Baldwin Shooting: Gun on Set of Rust Had Been Used for Target Practice? Assistant Director Had History of Ignoring Safety Protocols

Alec Baldwin speaking at the 2016 San Diego Comic Con International, for "The Boss Baby", at the San Diego Convention Center in San Diego, California.

By Al Perrotta Published on October 24, 2021

The shooting death of cinematographer Halyna Hutchins on the set of the movie Rust is looking increasingly like a case of shocking negligence rather than tragic accident. Hutchins was killed and director Joel Souza was injured Thursday afternoon when actor Alec Baldwin fired a live round while rehearsing a scene for the film.

Report: Gun Used By Baldwin Had Been Used for Target Practice

TMZ reports that the gun Baldwin fired had been used by several crew members off-set “for what we’re told amounted to target practice.” These crew members were firing real bullets out of a gun that was being used in the production. Stupid. Stupid. Stupid. The sources believe this could explain how a live round remained in the gun.

Further, according to one source, when police arrived at the scene they found live ammo and blanks stored in the same area. That, too, could explain how live ammo ended up in the weapon. 

The Inexperienced Armorer Hannah Gutierrez

The gun and two others had been set up by Rust‘s armorer Hannah Gutierrez. A Rust source told The Daily Beast that the 24-year-old Gutierrez was “inexperienced and green.” Gutierrez herself admitted in a podcast she had almost turned down her previous job because she didn’t feel she was “ready.” That was on the Nicholas Cage film The Old Way. And her inexperience showed.

“There were a couple times she was loading the blanks and doing it in a fashion that we thought was unsafe,” a source claimed. At one point during filming The Old Way, Gutierrez gave an 11-year-old actor a weapon that had not been properly checked. 

And this was who was hired to be the armorer for the gun-slinging Western Rust.

Assistant Director David Halls Had a History of Disregarding Gun Safety Protocols

According to court documents, Assistant Director David Halls took the gun from the three laid out by Gutierrez. He handed Baldwin the weapon, telling him it was a “cold gun.” Thus safe. It was not. Halls did not know there were live rounds in the gun.

Adding to the carelessness, there had already been a similar incident on the set. A week prior, according to the Los Angeles Times, Baldwin’s stunt double accidentally fired two live rounds from a prop gun after being told it was “cold.” Thankfully, no one was hurt. But clearly no lesson was learned. The Times reported that a crew member did complain to a production manager about gun safety on the set.  

This isn’t the first time Halls has been in the bullseye. CNN reports Halls was the target of numerous complaints while filming Hulu’s In the Dark anthology in 2019.

Maggie Goll, an IATSE Local 44 prop maker and licensed pyrotechnician, told CNN Halls neglected to hold safety meetings and consistently failed to announce the presence of a firearm on set to the crew, as is protocol. A crew member on that production corroborated Goll’s accounts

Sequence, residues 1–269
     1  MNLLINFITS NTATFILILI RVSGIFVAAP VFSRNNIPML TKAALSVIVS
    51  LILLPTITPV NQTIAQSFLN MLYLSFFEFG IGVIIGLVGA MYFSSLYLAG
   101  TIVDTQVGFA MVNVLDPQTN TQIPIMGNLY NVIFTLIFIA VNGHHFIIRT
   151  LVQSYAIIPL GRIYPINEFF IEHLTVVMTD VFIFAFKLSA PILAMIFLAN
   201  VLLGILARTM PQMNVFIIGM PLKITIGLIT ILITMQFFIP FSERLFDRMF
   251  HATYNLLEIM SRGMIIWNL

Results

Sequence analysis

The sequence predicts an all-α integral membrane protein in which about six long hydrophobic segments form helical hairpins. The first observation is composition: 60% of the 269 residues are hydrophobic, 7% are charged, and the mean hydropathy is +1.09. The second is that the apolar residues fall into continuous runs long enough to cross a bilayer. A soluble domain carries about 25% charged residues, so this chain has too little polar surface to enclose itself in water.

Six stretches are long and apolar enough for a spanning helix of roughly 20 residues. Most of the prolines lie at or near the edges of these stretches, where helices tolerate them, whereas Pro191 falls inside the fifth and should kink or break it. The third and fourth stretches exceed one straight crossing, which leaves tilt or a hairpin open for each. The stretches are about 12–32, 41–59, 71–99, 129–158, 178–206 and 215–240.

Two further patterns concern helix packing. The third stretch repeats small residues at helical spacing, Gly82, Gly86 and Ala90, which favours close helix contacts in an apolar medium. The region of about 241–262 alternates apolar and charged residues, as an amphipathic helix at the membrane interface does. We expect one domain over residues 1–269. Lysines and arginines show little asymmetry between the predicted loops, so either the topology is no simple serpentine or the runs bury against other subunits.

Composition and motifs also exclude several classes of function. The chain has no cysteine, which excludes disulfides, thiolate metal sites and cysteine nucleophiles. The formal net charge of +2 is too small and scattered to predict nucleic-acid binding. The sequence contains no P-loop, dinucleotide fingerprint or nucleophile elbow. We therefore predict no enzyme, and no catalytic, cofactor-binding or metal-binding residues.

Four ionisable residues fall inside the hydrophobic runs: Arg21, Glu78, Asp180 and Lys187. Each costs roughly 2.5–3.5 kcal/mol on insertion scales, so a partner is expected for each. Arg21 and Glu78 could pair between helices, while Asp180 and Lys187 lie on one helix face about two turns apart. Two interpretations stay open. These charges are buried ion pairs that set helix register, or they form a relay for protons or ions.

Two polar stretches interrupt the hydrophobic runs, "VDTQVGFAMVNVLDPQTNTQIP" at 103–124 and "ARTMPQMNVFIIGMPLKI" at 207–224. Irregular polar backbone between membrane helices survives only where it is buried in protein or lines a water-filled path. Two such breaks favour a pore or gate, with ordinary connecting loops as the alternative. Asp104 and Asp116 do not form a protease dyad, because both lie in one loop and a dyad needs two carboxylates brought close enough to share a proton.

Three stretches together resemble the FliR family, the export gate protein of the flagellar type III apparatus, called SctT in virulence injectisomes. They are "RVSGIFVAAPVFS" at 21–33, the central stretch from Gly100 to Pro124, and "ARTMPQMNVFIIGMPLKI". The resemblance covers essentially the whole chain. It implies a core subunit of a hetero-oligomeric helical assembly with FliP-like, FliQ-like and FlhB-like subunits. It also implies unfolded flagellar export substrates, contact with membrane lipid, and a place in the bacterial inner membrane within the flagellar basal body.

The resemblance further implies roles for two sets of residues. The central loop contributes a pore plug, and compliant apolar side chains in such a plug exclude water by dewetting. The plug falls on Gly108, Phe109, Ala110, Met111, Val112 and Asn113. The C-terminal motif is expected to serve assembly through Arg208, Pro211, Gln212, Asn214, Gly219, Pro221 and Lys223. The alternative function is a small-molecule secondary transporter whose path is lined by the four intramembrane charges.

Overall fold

saying that when Halls did hold safety meetings, they were short and he was dismissive, saying the guns used would be the same as the production always uses, and questioning why they’d have to hold the meetings in the first place.

The crew member also said Halls complained about having a gun “cleared” (inspected by a licensed professional on set, such as an armorer) for a scene where an actress would aim the gun to her own head and pull the trigger.

Hutchins’ Father Speaks

Halyna Hutchins’ father is not blaming Alec Baldwin for the death of his daughter. Anatoly Adrosovych told the Sun, “We still can’t believe Halyna is dead and her mother is going out of her mind with grief. But I don’t hold Alec Baldwin responsible — it is the responsibility of the props people who handle the guns.” 

Hollywood firearms consultant Bryan Carpenter disagrees. He believes Baldwin bears some of the burden, telling the New York Post the actor violated rule number one: “Loaded or unloaded, a weapon never gets pointed at another human being.”

I’d also have some questions for Baldwin’s production company. Directly after the shooting, the production spokesperson said the shooting was a “misfire of a prop gun loaded with blanks.” We now know this statement was patently false. 

As for Baldwin himself, the actor is described as “inconsolable” and “absolutely devastated.” People magazine also reports he is cancelling other projects.

A Candlelight Vigil 

A candlelight vigil was held for Hutchins Saturday night in Albuquerque, where the Rust cast and crew had been headquartered. 

A second vigil is being held this evening in Burbank, California.

Lane Looper, a member of the camera crew, was among those who spoke Saturday night.

“Her photography was beautiful, and every day, everybody on the camera team was proud to be there for her, because we were proud of what we were creating — what she was creating.”

 

Al Perrotta is the Managing Editor of The Stream, chief barista for The Morning Brew and co-author, with John Zmirak, of The Politically Incorrect Guide to Immigration. You can follow him at @StreamingAl at GabParler, MeWe and now GETTR.

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